Sekai’afua Zankel is Immortal

Sekai’Afua Zankel, left, standing. You can see Zankel’s signature single beaded loc, but a beauty mark on her face is missing.

Poet Sekai’afua Zankel is synonymous with West Philly. Born, raised and still residing in Cedar Park off of Baltimore Avenue, she is a pillar of the neighborhood’s liberatory and artistic culture. In fact, she is so intertwined with the area’s history that in 2003 a local artist painted her likeness (with permission) on a mural at 50th and Baltimore as part of Philly’s MuralArts Project.

After decades of honing her craft on the page and stage as well as collaborations with other
poets, dancers, musicians and artists, Zankel recently released her debut chapbook What I
Heard from Moonstone Press in Philadelphia. A testament to the vibrancy that comes from a lifetime of experimentation and self-discovery, What I Heard captures all of the theatricality, joy and vitality of Zankel’s essence.

To fully understand her relationship with spoken word, Zankel took me back to 1972. At 19,
Zankel, who wanted to be a dancer at the time, was an explosive young star at the Freedom
Theater on Broad Street. The theater’s founders, John E. Allen Jr and Robert E. Leslie
recognized her talents early on, and it wasn’t long before she starred in almost every production.

As she became more involved with the Freedom Theater, Zankel realized that there was a whole world of literature that she simply hadn’t been exposed to before. “It was an awakening, a reality, that I didn’t learn too much in high school,” Zankel said. “And so, Freedom Theater decided to, once I joined the theater, they decided to create an African American reading list.”

That reading list exposed her to the great writers of African American literature and history, and Zankel credits the list with introducing her to some of her favorite and most impactful influences. “That’s where I fell in love with James Baldwin–I have a lot of respect for him in my writing,” she said. “I read everything that he wrote. And so, I tell everybody, it was James Baldwin that taught me how to read.”

It was also through Freedom Theater that Zankel developed her personal performance style. Allowing her to develop what she calls her “own little world” of spoken word intertwined with music and theater, it was clear that she was becoming a uniquely interdisciplinary artist and performer. It is still clear to this day, as she said that music heavily influences her throughout the writing process.

“I bring the poetry into the dance,” she said. “When I create a poem, I use a lot of music, mostly R&B music, the old school music which I love because, really, in the 70s it changed my life.” Zankel added that Chaka Khan was a life-changing artist for her, and that she often returns to her favorite records to inform her poetry as she writes.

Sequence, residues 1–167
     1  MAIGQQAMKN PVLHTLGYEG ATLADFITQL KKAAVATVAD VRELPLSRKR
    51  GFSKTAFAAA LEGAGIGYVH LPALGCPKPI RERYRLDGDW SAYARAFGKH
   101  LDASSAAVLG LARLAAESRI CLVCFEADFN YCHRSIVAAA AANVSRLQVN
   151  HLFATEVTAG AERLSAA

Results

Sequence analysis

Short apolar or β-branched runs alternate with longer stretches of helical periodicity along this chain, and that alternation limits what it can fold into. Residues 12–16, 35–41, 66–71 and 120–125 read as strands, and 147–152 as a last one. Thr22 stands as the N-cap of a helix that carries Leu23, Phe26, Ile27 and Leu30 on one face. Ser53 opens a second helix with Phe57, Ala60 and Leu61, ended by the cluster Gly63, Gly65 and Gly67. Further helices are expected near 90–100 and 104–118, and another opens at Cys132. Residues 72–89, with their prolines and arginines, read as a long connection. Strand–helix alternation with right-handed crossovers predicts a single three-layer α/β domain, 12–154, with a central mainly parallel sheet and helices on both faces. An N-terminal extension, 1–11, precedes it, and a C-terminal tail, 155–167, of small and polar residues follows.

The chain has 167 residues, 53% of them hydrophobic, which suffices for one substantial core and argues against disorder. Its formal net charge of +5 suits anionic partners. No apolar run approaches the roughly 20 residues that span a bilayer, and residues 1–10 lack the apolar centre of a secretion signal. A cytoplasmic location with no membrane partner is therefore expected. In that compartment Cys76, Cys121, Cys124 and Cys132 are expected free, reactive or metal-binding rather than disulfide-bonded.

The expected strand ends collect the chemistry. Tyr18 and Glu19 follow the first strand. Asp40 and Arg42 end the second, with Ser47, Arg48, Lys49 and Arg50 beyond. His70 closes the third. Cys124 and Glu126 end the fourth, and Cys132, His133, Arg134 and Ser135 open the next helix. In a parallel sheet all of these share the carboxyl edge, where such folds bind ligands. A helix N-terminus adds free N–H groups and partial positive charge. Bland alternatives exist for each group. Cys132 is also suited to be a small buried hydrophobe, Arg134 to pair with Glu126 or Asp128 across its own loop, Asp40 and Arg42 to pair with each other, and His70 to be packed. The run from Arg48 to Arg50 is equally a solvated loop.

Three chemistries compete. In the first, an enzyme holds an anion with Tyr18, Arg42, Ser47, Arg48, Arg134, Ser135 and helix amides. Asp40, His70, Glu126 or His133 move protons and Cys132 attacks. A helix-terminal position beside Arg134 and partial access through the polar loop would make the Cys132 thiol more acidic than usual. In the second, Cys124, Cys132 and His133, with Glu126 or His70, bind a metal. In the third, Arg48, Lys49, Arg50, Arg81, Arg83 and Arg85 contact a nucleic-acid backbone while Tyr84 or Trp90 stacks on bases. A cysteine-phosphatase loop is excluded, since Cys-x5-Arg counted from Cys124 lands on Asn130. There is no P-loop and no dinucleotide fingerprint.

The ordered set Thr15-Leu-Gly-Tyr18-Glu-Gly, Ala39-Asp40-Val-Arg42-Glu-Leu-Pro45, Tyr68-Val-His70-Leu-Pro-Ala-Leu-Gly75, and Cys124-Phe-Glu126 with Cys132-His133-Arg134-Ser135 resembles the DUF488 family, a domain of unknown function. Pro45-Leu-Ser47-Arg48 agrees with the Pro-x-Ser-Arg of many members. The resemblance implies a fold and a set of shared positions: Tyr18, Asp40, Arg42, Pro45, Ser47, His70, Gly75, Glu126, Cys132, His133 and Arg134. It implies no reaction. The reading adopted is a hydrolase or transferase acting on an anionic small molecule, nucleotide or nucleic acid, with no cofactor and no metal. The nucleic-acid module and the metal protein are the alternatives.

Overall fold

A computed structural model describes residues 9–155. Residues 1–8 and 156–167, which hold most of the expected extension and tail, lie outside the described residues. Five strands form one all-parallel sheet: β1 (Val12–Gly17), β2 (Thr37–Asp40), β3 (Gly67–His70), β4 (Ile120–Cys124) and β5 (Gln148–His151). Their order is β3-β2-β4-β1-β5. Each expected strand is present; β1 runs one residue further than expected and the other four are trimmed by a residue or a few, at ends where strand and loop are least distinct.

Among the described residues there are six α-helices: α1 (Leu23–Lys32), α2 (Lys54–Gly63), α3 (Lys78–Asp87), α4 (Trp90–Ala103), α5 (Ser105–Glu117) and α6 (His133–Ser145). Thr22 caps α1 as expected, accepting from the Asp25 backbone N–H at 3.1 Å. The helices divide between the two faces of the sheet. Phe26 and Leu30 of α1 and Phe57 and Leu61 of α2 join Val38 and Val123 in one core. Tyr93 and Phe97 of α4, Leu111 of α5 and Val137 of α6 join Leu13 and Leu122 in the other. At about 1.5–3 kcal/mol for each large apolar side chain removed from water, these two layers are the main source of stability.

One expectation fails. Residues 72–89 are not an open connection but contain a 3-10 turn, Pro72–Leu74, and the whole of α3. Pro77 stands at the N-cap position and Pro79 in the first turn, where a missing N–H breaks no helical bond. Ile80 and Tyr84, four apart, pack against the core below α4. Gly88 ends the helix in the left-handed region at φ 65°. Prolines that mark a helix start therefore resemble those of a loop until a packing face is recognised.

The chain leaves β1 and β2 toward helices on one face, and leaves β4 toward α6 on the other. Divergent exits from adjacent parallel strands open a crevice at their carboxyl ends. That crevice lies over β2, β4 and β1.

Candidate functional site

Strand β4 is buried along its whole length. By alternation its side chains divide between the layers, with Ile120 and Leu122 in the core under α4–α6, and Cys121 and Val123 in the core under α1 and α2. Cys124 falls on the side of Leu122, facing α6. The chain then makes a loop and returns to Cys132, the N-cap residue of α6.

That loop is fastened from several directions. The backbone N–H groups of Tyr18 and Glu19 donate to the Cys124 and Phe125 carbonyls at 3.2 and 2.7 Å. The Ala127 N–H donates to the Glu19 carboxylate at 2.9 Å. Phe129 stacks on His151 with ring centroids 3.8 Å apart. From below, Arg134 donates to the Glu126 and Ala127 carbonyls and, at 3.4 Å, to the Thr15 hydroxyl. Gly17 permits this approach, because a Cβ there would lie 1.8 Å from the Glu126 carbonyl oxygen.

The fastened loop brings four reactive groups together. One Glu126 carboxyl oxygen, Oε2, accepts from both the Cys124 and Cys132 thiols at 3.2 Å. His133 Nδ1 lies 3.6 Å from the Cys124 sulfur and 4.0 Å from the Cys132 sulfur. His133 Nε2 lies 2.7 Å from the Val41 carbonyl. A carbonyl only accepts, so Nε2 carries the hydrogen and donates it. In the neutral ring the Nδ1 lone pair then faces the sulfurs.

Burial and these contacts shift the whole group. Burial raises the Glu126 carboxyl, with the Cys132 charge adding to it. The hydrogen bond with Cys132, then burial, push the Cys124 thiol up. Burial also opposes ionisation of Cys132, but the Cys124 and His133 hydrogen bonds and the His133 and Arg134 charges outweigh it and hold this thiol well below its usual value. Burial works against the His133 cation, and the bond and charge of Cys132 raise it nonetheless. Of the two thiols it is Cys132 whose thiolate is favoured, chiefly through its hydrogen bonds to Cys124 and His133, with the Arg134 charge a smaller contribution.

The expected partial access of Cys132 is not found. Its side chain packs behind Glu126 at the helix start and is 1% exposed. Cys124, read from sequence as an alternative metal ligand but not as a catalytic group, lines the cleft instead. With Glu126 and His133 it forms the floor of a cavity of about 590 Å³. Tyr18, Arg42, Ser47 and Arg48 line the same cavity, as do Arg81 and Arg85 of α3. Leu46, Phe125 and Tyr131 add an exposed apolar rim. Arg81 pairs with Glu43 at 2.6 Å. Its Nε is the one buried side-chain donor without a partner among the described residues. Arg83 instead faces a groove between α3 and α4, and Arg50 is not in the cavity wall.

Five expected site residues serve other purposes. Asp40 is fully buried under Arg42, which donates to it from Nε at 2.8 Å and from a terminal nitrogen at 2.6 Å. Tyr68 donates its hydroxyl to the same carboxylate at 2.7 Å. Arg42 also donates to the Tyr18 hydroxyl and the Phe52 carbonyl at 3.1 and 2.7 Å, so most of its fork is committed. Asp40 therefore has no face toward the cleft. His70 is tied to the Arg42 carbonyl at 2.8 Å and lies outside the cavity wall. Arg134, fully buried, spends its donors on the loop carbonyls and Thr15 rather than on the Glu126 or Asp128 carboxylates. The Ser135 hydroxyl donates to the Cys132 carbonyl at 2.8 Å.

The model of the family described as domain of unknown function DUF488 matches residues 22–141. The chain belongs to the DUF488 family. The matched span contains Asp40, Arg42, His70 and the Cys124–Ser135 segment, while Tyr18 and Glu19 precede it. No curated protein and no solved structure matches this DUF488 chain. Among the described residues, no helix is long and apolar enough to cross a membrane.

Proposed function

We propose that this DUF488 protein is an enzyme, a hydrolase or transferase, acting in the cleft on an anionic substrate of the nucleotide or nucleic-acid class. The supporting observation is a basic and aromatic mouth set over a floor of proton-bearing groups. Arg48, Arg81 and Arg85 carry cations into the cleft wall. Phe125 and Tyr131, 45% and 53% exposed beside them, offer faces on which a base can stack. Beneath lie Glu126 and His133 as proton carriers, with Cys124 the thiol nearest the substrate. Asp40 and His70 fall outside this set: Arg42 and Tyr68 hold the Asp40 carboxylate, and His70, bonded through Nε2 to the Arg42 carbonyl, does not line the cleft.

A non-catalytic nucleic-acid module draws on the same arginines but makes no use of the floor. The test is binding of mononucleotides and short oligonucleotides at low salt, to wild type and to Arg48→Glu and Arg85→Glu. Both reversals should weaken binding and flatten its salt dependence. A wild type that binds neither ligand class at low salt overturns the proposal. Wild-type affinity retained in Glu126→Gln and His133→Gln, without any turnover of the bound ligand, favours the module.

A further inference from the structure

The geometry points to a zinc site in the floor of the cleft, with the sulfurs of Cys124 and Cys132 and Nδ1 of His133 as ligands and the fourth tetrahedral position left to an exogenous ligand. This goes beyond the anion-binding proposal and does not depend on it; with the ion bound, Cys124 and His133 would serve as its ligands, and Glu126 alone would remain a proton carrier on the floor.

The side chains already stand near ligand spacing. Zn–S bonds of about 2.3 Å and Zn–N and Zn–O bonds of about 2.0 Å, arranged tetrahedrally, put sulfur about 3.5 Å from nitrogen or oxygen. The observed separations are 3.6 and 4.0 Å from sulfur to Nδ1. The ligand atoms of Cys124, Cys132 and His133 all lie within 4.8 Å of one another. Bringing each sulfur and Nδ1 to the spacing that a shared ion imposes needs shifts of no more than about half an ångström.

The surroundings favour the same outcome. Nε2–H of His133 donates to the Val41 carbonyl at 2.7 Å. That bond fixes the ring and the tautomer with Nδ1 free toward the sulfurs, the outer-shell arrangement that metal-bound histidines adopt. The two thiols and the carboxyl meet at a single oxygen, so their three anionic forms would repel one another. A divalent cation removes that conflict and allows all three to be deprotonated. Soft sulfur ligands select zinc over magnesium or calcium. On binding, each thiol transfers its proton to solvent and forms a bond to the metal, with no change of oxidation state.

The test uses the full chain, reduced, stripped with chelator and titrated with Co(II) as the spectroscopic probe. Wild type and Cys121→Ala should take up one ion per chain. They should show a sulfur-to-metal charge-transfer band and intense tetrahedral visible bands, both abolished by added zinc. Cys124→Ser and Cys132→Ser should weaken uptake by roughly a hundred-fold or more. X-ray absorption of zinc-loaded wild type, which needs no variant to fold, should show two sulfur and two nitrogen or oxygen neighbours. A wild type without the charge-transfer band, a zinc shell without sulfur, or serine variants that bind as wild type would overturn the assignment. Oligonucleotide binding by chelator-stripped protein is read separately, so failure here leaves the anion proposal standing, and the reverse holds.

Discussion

At times, this process has led her to collaborate with her husband, jazz saxophonist Bobby
Zankel. In fact, the couple most recently performed together for a New Year’s Eve stream for
family and friends. Though she loves her husband’s music, Zankel says that she still prefers
performing with recorded tracks so that she can accurately recreate the mental and emotional space she occupied while writing her poems. The one exception to this, she said, was a song Bobby wrote some time ago titled “Emerging from the Earth,” for which she wrote a poem to perform together.

But at her heart, Sekai’afua Zankel is a one-woman show. As a matter of fact, she has performed as the principle artist in several one-woman shows over the course of her career; she began her creative relationship with Larry Robin, the founder of Moonstone Arts, when Steve Satell wrote a play called A Brighter Coming Day and asked her to read and perform his one-woman show about historic poet and Underground Railroad abolitionist Frances Ellen Watkins Harper. Zankel would also go on to write and perform her own poetry play, Miss Pearl’s Spirit: In the Mysteries of Mirrors, which is largely autobiographical.

For several years, Zankel has also developed her unmistakable poetic voice with the Osage Poets, a weekly community workshop located nearby in West Philly that meets on Saturdays. She said that the Osage Poets led her right back to Robins, they urged her to publish her work. The first opportunity came in 2006, when she published “Sometimes, I Just Want to Cry” in Poetry Ink: The Tenth Anniversary Anthology from Moonstone, and her name has appeared regularly in Moonstone anthologies and at their readings ever since.

According to Zankel, What I Heard has been in the works since September 2019. After being
introduced to editor Sean Hanrahan through Moonstone and her regular process of getting
mentored and support from Leonard Gontarek & the Osage Poets, Zankel is proud to present this chapbook to the poetry community. “I hated edits at first,” she said. “After this experience, I learned how to appreciate the edits, and appreciate those who read the poetry and help me with it.”

A limited number of copies of What I Heard are available to order from Moonstone Press.

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